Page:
California Fire Led to Spike in Bacteria, Cloudiness in Coastal Waters

by | Mar 3, 2022 | Climate Change

In Brief:

Scientists analyzed coastal water quality in the months following a major Southern California wildfire. Their results were eye-opening.

The November 2018 Woolsey Fire in Southern California’s Los Angeles and Ventura counties left more than a nearly 100,000-acre burn scar behind: It also left the adjacent coastal waters with unusually high levels of fecal bacteria and sediment that remained for months.

For a new study, published in Nature Scientific Reports, scientists combined satellite imagery, precipitation data, and water quality reports to assess two standard parameters for coastal water quality after the fire: the presence of fecal indicator bacteria and the turbidity, or cloudiness, of the water.

Fecal indicator bacteria originate from the gastrointestinal tracts of humans and other warm-blooded animals. While they’re not harmful, they indicate the presence of other bacteria and pathogens found in feces that can be. Turbidity has other implications: Cloudy, murky water results in less sunlight reaching marine life – like kelp and phytoplankton – that rely on it to survive.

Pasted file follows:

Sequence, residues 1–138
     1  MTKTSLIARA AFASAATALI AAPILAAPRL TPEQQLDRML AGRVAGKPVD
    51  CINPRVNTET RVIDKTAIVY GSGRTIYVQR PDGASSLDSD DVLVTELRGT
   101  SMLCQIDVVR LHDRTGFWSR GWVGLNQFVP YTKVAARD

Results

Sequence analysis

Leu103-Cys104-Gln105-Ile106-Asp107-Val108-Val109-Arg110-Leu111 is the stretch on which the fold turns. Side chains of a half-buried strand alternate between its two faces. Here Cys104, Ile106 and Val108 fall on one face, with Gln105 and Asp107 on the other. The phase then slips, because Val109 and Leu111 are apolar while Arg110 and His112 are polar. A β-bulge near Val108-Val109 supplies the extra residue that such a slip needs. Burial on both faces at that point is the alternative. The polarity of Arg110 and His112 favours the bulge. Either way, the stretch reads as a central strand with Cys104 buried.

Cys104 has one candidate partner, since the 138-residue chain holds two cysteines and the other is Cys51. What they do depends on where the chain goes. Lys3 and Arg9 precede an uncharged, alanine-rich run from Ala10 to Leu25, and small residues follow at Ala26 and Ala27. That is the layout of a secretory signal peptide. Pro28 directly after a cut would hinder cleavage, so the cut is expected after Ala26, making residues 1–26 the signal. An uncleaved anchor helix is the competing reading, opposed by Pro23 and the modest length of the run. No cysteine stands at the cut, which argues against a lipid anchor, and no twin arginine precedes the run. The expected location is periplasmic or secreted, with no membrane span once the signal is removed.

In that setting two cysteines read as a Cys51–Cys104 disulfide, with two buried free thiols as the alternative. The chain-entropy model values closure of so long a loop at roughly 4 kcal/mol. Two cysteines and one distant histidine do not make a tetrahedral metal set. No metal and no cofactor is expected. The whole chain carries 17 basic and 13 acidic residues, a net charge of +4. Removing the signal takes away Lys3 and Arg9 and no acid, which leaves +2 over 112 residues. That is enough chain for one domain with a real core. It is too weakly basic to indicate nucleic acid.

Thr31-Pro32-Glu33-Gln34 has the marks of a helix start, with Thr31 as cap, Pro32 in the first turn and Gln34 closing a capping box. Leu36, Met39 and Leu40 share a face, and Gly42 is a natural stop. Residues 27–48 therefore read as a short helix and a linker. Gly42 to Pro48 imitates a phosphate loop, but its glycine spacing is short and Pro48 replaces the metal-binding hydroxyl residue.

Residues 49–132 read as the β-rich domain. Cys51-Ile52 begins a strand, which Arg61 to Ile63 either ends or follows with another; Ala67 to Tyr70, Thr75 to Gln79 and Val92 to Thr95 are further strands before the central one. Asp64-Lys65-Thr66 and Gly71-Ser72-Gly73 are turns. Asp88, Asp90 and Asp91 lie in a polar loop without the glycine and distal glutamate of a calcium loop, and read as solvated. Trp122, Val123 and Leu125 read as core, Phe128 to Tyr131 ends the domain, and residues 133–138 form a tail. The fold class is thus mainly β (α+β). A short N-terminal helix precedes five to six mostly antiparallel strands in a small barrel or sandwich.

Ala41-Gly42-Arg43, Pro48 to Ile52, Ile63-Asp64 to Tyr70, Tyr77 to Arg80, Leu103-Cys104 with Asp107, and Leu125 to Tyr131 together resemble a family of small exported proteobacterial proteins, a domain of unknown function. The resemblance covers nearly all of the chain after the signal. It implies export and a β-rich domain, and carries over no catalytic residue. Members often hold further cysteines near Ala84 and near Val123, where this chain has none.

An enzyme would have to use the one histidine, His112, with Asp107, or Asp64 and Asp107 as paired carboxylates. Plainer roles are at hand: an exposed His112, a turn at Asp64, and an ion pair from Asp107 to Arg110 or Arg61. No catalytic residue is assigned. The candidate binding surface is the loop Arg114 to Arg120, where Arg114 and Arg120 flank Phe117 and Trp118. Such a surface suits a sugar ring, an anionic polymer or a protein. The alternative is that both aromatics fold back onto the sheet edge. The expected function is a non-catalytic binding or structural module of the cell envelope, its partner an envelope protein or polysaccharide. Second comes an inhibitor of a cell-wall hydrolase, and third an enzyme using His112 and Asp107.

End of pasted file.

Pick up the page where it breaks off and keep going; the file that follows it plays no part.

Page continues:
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When it rains, runoff typically carries some bacteria and sediment from the land to coastal waters. But the huge spike in both following the fire was anything but typical.

“Post-fire, we saw drastic water quality changes, particularly at beaches draining the burned area,” said the study’s lead author, Marisol Cira, a UCLA Ph.D. candidate and an intern at NASA’s Jet Propulsion Laboratory in Southern California. “In those areas, both total coliform bacteria and enterococcus were far greater than pre-fire levels, as was turbidity plume size.”

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